Tilman examines the possibilities of a New Left‐Libertarian convergence, and finds the prospects lacking.
The Chicago‐Virginia school’s version of free market libertarianism (e.g., Milton Friedman, Gordon Tullock, and James Buchanan) criticizes the Establishment in a fashion resembling the collectivist New Left radicals. This has prompted various theorists to seek common ground between each movement. These “convergence theorists” believe that the two camps display an underlying unity in their discontents, and to a degree even in their policy objectives.
“The New Left and the Libertarian Right: Notes for a Reappraisal of the Convergence Thesis.” Nebraska Journal of Economics and Business 15 (1976): 21–36.
We need to examine this “unity” alleged by convergence theorists such as Mancur Olson and Christopher Clague. [See “Dissent in Economics: The Convergence of Extremes,” Social Research 38 (Winter, 1971): 751–776.] Our conclusion from assessing such significant issues as equality, power, decentralization, the market, and the origin of values, is that libertarians and New Leftists advocate fundamentally diverse ideologies.
A study of equality discloses how libertarians and Left egalitarians cherish radically divergent values. For the New Left, “equality” connotes government‐sponsored egalitarianism. Ideally, state coercion (graduated taxation) is employed to institute various welfare schemes. In contrast, the libertarian distrusts government income maintenance and promotes the moral right of each individual to compete equally in a laissez‐faire market that achieves inequality of results.
Different “images of power” also divide the New Left and libertarianism. Whereas the New Left suggests that coercive power in America emanates from private property ownership (and thus one’s position in the capitalist system), libertarians analyze oppressive power as primarily governmental. Such fundamental differences in the conception of power lead to contradictory, rather than compatible, cures for social ills. Some of the New Left insist that the power and wealth of privileged capitalists must be “decentralized” from private hands, confiscated by the government, and redistributed. Libertarians, however, propose that in order to achieve economic growth and individual freedom, we must curtail central planning and public sector ownership.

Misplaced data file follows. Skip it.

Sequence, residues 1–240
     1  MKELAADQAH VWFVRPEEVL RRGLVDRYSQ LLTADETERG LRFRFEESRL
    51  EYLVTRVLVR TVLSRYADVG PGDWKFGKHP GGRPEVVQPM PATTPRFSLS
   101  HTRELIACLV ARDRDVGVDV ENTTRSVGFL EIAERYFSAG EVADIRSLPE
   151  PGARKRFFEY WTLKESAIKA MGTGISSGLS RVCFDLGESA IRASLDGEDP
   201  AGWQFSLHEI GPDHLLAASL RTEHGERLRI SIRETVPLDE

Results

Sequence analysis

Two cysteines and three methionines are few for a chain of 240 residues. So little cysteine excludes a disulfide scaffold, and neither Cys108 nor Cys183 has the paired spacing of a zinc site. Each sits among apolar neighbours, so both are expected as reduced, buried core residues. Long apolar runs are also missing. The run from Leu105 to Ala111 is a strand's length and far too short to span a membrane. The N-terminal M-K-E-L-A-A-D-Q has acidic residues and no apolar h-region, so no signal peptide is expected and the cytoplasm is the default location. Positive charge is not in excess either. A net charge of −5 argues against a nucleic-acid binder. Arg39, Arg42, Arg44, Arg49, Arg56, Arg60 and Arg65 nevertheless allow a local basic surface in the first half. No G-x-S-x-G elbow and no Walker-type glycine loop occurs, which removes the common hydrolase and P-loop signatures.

The Chicago‐Virginia school’s libertarianism differs finally from the New Left in its view of the origins of values. In utilitarian fashion these libertarians concern themselves only with the scale of values reflected in the market. The New Left interprets this as meaning that there are no evaluative grounds to object to the market’s allocation of resources, no matter how uninformed the consumer’s choice is.
It is doubtful that the mutual political cooperation envisaged by convergence theorists for libertarians and the New Left will ever occur. For, as the divergent notions of equality and power indicate, deep, unnegotiable differences separate the two movements. Implicit in the libertarian ideology is a dominant faith in individualism and the free market system. The libertarian couples this with the recognition that governments exert a coercive force which interferes with the interaction of supply and demand. Opposing this doctrine, New Left values distrust free markets, prescribe governmental interferences, and advocate collective, rather than individual goals.
The New Left and libertarianism exhibit fundamentally different values, goals, and radically opposed ideals of the good society.